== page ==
France and the United Kingdom pushed their NATO ally Germany on Tuesday to lift a European arms embargo on Syria where opposition forces have battled the regime of President Bashar al-Assad for two years but failed to dislodge it.
Laurent Fabius, the French foreign minister, argued that the embargo, which prohibits the supply of weapons to both loyalist and rebel forces in Syria, “doesn’t work in the face of reality” which is that “the opposition is bombarded by others who are getting weapons while they are not.”
Western nations suspect that Iran and possibly Russia continue to provide weapons to the Syrian government. But opposition forces are likely armed by foreign powers as well, notably Persian Gulf states Qatar and Saudi Arabia which would welcome Assad’s fall as he is the only Arab ally of their regional nemesis Iran.
Britain’s foreign secretary William Hague told lawmakers last week that his government was expanding its “technical assistance” to Syrian opposition forces, including the supply of armored vehicles and body armor.
Prime Minister David Cameron said in Parliament on Tuesday that he hoped other European countries would agree to a change in the weapons sanctions “if and when a further change becomes necessary.” He added, “if we can’t” find consensus, “then it’s not out of the question we might have to do things in our own way.”
Without unanimous support from European Union members to either renew or amend the ban in three months’ time, the embargo lapses.
German foreign minister Guido Westerwelle argued against loosening the sanctions regime earlier this month. “Delivering weapons always involves the danger of an arms race and slipping into a proxy war that could push the whole region into a broader conflict,” he told Der Tagesspiegel newspaper.
Syria already appears the proxy war in a struggle for hegemony in the Middle East between Sunni Muslim powers like Qatar, Saudi Arabia and Turkey which support the largely Sunni uprising in the country and Shia Iran.
Germany’s reluctance to deepen Europe’s engagement in the conflict also reflects its changing foreign policy. Whereas the country almost instinctively lined up behind American and European foreign policy proposals during the second half of the twentieth century, its reemergence as the continent’s central power has given it the strategic comfort to pursue a more realistic approach.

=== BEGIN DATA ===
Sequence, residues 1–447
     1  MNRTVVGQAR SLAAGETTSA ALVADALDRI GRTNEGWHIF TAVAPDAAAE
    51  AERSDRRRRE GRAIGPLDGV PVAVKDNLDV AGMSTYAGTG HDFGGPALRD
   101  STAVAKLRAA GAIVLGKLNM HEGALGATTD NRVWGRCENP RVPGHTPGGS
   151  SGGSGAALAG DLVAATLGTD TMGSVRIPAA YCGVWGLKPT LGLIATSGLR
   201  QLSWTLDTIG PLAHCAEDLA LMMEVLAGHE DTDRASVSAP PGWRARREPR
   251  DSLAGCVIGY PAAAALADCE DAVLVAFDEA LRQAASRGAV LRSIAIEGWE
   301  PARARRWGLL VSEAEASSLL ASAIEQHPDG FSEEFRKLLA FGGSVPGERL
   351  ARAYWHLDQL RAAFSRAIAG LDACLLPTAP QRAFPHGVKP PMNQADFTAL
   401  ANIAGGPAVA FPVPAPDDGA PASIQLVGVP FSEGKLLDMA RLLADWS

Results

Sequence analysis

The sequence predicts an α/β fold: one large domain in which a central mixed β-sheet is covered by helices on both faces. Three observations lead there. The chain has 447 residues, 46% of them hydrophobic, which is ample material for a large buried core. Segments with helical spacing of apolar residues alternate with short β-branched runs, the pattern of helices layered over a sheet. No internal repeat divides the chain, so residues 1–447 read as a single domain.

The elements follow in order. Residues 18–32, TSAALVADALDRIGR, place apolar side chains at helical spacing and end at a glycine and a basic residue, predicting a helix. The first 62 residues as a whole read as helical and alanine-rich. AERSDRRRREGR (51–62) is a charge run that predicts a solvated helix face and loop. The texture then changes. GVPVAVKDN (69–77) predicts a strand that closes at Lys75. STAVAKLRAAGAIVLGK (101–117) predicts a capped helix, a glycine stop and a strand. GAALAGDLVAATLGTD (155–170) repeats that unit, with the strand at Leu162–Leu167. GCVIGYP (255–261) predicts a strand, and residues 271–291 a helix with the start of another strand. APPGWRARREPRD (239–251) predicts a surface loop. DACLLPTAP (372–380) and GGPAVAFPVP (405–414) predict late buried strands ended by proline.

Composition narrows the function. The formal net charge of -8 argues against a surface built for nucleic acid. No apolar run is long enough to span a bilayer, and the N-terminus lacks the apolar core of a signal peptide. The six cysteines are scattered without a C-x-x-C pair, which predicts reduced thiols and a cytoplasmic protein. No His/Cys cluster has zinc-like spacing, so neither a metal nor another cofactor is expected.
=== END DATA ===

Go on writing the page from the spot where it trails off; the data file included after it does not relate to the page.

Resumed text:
Perhaps the first serious German breach of Atlantic unity was in 2003 when Chancellor Gerhard Schröder criticized the Anglo-American invasion of Iraq. At the time, France and Germany were still united — against the United Kingdom and the United States.
By 2011, the French role had changed. With Britain, it pushed aggressively for military intervention in Libya where opposition forces tried to topple the dictatorship of Muammar al-Gaddafi. Air support from mainly France, the United Kingdom and the United States as well as Qatar enabled the rebels to succeed.
Germany, Libya’s second biggest trading partner, had warned its allies that they should not expect “quick results with few casualties” and said it feared being drawn into a protracted civil war in Libya. It did not contribute to the effort at all.
Miguel Nunes Silva explained what had changed at the Atlantic Sentinel in the wake of the North African operation.
Whereas during the Pax Americana of the last twenty years, France and Germany together cooperated to assert themselves vis-à-vis the United States, the recent economic downturn across the Atlantic and the imbalance between the development of Germany and that of the rest of Europe has considerably changed the equation. Berlin no longer has a clear interest in further bankrolling Atlantic adventures which bring it no benefit and among the European Union’s three largest powers, it stands as primus inter pares.
Not everyone in Germany agrees. Former Green party foreign minister Joschka Fischer complained in Der Spiegel at the time about “the lack of fundamental convictions” on the part of the incumbent administration. He described Germany’s role in Libya as “perhaps the biggest foreign policy debacle since the founding of the Federal Republic of Germany.”
Our supreme interest should be holding tight to our anchoring as part of the West. In doing so, something that is paramount — and, indeed, essential — is finishing the process of European unification.
Left-wing opposition parties are also critical of what they see as a less idealist German foreign policy that “even” includes arms exports “to regions in conflict and to areas where human rights aren’t respected,” said Social Democrat Peer Steinbrück late last year. He will challenge conservative leader Angela Merkel for the chancellorship in the fall.
Der Spiegel has dubbed these weapons sales part of a “Merkel Doctrine” — the strengthening of the defense capabilities of partner countries outside Europe to enable them to maintain peace and security without the need for Western intervention. According to the magazine, it also gives Germany an excuse not to involve itself directly in overseas military operations.
In the chancellor’s opinion, it is better and less dangerous to provide military support to one side in a given conflict.
In Syria, Germany’s calculation seems to be that it stands nothing to gain from supporting either side — and it doesn’t. If the increasingly radicalized rebels manage to defeat Assad’s forces after all, they are likely to impose a majority Sunni government on the country that may not be far more susceptible to Western interests than the incumbent president’s is. British and French appeals to “humanitarian intervention,” to alleviate the suffering of the Syrian people caught in the crossfire of the conflict, appear to fall on deaf ears in Berlin.